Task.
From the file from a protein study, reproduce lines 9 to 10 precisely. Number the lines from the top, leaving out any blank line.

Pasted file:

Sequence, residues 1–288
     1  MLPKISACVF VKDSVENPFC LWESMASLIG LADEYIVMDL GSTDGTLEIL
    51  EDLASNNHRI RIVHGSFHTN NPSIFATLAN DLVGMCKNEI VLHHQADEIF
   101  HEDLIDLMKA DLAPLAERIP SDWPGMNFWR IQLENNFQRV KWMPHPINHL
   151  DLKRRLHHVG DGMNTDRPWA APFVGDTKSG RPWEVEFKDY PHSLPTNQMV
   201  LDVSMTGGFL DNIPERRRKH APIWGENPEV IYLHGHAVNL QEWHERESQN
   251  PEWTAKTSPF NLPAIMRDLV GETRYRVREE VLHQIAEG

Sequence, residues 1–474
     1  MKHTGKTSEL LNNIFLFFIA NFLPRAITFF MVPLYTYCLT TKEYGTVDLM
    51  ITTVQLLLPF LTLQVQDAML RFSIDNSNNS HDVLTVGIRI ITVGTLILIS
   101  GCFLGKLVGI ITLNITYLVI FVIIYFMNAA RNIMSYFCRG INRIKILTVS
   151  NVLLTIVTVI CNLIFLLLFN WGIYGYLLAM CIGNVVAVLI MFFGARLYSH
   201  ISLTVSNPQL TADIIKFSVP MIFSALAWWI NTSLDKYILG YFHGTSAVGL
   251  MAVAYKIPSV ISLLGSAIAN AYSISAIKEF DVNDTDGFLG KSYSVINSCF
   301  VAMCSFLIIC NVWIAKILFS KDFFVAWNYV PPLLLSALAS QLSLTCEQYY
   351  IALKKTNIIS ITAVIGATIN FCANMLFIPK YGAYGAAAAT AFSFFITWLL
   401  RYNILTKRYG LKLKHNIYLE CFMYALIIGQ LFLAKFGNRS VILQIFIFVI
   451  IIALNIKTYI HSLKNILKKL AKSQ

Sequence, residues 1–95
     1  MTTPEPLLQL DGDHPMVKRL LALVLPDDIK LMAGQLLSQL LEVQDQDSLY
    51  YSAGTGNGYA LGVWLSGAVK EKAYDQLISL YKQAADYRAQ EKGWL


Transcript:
     1  MKHTGKTSEL LNNIFLFFIA NFLPRAITFF MVPLYTYCLT TKEYGTVDLM
    51  ITTVQLLLPF LTLQVQDAML RFSIDNSNNS HDVLTVGIRI ITVGTLILIS